Sharon Kinsman Retires from Biology Department After 30 Years of Service
Dr. Sharon Kinsman, a faculty member in the Department of Biology, is retiring from the College after 30 years of teaching, mentoring and service to the college. Having completed her doctorate at Cornell University and post-doctoral research in Costa Rica, Sharon came to Bates from a visiting assistant professorship at Swarthmore College in 1985. An expert in plant-insect interactions and pollination biology, as well as plant ecology, Sharon also followed her interdisciplinary interests in feminist science studies. With cheerful efficiency, Sharon served as Biology Department chair from 1997-2000, then stepped in again as interim chair from 2009-2010. During her tenure at Bates College, Sharon served on numerous faculty committees, played a central role on the committee that developed the environmental Studies Program, and was a Program Committee member for Gender and Sexuality Studies for many years. In service to the department, Sharon frequently mentored new faculty in course development, selection of field study sites, promotion dossiers, and teaching.
Sharon’s research interests include reproductive ecology of temperate and tropical plants, plant demography, plant-insect interactions, pollen delivery, critique of the paradigm of interference by “foreign” pollen, forest stand history (student theses), and forest conservation. Interested in both temperate and tropical systems, Sharon conducted research in New England, Mexico, and Central America. Several of her thesis students carried out research projects in the cloud forest ecosystem at Monteverde, in Costa Rica. She mentored many thesis students, and published research articles and conference abstracts co-authored with several of them. Of her own work, Sharon once told this observer that she never met a bug [insect] she wouldn’t taste in an effort to test the chemical defenses it employed to deter predation. Yum.
Sharon taught a wide array of courses serving Biology as well as the programs in Environmental Studies and Gender and Sexuality Studies: Ecology and Evolution, Invasive Plant Ecology, Forest Ecology, Regional Ecology, The North Woods, Bugs in the System, Entomology, Field Ecology, Protecting Biodiversity, Tropical Field Biology (in Costa Rica and Ecuador), Biological Conservation and Human Communities (in CR), Life, Sex and Cells, Ecology and Evolution of Gender, and Insects and Human Health. Rumor has it that many of her entomology students discovered the culinary delights of crickets by baking “chocolate chirpy” cookies. Having great empathy for struggling students, Sharon often devoted considerable time and energy to help those students master the material and find success in their coursework. A clear and articulate lecturer, she taught from a diverse array of materials in all of her courses, encouraging critical analysis of complex topics and a deeper understanding of the concepts.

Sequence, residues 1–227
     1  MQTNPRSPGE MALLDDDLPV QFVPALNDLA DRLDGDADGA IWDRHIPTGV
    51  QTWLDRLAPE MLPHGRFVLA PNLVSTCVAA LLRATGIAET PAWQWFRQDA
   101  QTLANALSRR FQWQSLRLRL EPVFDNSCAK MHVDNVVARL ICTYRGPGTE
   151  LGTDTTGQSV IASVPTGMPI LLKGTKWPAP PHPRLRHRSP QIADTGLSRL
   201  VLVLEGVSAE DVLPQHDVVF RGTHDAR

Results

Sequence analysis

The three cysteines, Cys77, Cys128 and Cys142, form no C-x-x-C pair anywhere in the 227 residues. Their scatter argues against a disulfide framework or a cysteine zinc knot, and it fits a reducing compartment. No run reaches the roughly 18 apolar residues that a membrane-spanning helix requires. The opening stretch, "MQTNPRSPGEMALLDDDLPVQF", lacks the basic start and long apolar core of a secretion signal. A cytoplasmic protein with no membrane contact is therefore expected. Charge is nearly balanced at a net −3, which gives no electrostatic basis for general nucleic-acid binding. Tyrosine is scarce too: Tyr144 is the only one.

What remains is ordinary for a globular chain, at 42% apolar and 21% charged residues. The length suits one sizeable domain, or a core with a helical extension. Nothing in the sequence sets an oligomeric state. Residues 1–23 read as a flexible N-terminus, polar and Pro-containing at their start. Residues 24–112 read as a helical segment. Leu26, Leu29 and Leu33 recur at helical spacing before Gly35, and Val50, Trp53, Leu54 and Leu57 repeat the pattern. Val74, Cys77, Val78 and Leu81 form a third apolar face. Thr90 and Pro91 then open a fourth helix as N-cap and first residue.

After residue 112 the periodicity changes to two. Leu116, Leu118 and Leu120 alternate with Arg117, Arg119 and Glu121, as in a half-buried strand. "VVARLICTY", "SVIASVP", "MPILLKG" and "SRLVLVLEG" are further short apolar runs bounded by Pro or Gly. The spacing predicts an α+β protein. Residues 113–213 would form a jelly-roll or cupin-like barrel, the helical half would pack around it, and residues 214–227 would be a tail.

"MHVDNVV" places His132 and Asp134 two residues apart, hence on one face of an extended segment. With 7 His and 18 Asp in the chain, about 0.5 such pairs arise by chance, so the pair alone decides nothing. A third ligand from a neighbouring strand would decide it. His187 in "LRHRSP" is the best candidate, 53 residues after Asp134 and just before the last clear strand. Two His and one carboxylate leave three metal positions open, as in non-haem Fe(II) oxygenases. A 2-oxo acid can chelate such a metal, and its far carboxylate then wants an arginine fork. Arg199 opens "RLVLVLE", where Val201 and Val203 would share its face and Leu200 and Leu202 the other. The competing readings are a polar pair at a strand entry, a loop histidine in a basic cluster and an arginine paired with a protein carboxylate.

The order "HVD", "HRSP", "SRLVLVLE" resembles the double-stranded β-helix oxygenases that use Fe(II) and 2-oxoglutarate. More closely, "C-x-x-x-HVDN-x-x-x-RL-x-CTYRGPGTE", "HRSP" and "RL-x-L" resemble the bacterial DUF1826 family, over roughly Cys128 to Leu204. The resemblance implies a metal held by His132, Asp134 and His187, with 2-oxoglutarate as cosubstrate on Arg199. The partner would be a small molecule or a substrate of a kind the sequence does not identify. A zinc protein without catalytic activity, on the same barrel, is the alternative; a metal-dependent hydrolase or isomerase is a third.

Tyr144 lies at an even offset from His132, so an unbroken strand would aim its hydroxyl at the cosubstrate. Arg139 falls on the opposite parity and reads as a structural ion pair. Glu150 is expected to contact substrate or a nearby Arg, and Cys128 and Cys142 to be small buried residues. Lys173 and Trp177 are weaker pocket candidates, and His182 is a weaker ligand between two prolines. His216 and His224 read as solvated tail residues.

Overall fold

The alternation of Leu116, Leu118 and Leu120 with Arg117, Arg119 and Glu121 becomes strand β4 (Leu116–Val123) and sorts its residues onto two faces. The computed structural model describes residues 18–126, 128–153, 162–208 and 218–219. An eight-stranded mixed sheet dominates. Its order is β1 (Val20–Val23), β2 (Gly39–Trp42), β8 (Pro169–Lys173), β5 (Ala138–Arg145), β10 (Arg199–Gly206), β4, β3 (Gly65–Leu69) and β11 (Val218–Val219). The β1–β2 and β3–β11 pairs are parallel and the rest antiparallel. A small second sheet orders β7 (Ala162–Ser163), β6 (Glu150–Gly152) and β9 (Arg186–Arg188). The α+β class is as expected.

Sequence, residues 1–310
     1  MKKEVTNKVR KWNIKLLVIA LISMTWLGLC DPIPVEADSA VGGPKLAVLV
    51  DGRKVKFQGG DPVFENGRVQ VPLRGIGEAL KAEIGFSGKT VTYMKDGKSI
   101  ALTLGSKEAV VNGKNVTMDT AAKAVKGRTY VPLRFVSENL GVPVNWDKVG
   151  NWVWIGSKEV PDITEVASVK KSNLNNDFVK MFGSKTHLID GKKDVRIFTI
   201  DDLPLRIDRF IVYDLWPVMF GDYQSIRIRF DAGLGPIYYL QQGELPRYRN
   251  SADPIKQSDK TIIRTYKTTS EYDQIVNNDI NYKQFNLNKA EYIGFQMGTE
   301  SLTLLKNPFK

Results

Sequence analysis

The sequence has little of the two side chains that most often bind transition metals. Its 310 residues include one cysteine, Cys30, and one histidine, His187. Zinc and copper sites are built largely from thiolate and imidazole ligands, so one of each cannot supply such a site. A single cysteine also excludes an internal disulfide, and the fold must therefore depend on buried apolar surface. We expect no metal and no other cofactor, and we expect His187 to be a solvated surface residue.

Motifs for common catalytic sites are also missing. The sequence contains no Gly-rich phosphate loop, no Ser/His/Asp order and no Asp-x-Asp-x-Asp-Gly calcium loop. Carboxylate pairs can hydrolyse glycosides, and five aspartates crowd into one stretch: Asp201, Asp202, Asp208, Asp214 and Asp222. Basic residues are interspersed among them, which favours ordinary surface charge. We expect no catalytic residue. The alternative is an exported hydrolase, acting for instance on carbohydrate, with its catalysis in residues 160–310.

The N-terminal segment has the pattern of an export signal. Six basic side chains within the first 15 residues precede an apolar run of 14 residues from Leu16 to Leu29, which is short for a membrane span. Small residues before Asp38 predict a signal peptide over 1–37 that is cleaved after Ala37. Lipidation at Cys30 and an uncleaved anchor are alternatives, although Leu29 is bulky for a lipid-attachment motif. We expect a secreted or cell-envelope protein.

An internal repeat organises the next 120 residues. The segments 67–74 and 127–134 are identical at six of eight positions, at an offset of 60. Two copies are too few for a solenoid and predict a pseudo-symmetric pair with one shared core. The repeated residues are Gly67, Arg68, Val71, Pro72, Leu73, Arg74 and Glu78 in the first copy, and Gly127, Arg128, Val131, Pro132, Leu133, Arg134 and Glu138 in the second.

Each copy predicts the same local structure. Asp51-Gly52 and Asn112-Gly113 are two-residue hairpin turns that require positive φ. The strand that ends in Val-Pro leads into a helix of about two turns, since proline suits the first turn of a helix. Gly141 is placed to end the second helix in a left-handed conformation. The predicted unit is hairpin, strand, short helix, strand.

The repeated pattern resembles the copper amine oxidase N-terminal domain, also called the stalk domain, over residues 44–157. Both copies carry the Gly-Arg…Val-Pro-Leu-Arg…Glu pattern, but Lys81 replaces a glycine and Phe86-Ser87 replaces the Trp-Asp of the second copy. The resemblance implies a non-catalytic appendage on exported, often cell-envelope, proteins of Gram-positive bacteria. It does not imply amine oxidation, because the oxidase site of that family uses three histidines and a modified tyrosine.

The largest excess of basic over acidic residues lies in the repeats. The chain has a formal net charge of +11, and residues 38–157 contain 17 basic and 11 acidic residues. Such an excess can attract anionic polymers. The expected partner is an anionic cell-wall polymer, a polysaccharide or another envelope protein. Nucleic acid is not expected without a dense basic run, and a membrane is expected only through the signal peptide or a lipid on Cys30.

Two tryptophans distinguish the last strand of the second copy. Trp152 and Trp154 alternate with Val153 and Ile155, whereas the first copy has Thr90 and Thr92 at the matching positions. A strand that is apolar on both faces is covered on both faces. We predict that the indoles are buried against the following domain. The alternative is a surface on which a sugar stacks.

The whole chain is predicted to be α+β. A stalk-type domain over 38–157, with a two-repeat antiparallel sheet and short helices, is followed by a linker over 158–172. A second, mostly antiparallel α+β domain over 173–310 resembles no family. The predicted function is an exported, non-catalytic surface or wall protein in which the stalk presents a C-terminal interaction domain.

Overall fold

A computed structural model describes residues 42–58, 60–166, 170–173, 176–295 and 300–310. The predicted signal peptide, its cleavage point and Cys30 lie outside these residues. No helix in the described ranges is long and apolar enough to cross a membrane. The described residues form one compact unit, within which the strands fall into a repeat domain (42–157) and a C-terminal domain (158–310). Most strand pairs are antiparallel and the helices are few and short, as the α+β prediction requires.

“This class has made me see the world and myself differently. I am not afraid of science anymore. I feel like I can have a conversation with someone about biology and not run away in fear. . . . You have opened my mind to a subject I have neglected for too long.” Comment by a student in Life, Sex and Cells from the late 1990’s.
Sharon is especially effective, and truly happiest, working with students in the field. Students taking her field courses were treated to and inspired by her vast knowledge of natural history in both tropical and temperate ecosystems. Said one student in her 2009 Forest Ecology course, “I’ve never had a professor who is as passionate as you about the subject they teach. Your passion is absolutely contagious.” Several of Sharon’s students have gone on to become excellent field biologists in both academic and conservation organizations. Sharon also contributed “north woods” ecology units to the Benjamin Mays Scholars in Biology Summer Program in the mid-90’s, leading diverse groups of 16-18 year old high school students from urban schools into Maine’s north woods.
Conservation of natural systems and tropical forests in particular has been a personal passion over Sharon’s entire career. Heeding ecologist Dan Janzen’s call for tropical ecologists to help save what they study, Sharon volunteered for a grass roots NGO, taking educational tropical rainforest slide shows to numerous schools and clubs in several countries. Children and teachers organized to raise funds, and, with growing media attention, stimulated a larger campaign for children to save a Costa Rican montane forest, now called “The Children’s Eternal Forest” and “Bosque Eterno de los Niños (BEN),” owned and administered by the Monteverde Conservation League. Leading the US branch of the BEN organization as President from 1997-2003, Sharon oversaw the raising and channeling of over $800,000 to purchase forest for the BEN preserve and other threatened forest areas in Costa Rica and Ecuador. Nearer to home, in Maine, Sharon served on the the Maine Natural Areas Program Advisory Board, the Maine Endangered Plant Technical Advisory Committee, and the Scientific Advisory Panel of the Maine Forest Biodiversity Project, contributing her expertise to help preserve and protect Maine wilderness, threatened species, and endangered habitats.
The whole of Sharon’s contributions as a scholar, teacher, mentor, conservationist, and valued member of the Bates community cannot be summed up in a few simple paragraphs. We will miss her wisdom, wealth of knowledge, attention to detail, and collegiality. Her past and present colleagues in the Department of Biology salute her career and accomplishments and wish her the very best in her retirement. We also remind her that BioLunch happens every Wednesday, supplemental department meetings are held periodically in the Den on Friday afternoons, and at both, she will always have a place at the table among friends.